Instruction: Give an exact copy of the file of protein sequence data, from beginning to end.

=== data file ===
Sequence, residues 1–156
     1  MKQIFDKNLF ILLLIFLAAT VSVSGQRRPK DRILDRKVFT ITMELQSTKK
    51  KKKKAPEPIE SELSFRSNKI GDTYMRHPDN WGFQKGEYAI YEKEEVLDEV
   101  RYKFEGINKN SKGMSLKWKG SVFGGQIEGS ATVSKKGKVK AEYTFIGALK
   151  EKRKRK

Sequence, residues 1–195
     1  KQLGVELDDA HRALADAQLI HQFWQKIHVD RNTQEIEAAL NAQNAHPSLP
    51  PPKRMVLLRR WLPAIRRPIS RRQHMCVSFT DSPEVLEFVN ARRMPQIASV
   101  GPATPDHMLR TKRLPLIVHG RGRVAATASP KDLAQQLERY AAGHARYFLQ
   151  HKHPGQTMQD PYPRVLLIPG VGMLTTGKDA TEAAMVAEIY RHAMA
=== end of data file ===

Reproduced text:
Sequence, residues 1–156
     1  MKQIFDKNLF ILLLIFLAAT VSVSGQRRPK DRILDRKVFT ITMELQSTKK
    51  KKKKAPEPIE SELSFRSNKI GDTYMRHPDN WGFQKGEYAI YEKEEVLDEV
   101  RYKFEGINKN SKGMSLKWKG SVFGGQIEGS ATVSKKGKVK AEYTFIGALK
   151  EKRKRK

Sequence, residues 1–195
     1  KQLGVELDDA HRALADAQLI HQFWQKIHVD RNTQEIEAAL NAQNAHPSLP
    51  PPKRMVLLRR WLPAIRRPIS RRQHMCVSFT DSPEVLEFVN ARRMPQIASV
   101  GPATPDHMLR TKRLPLIVHG RGRVAATASP KDLAQQLERY AAGHARYFLQ
   151  HKHPGQTMQD PYPRVLLIPG VGMLTTGKDA TEAAMVAEIY RHAMA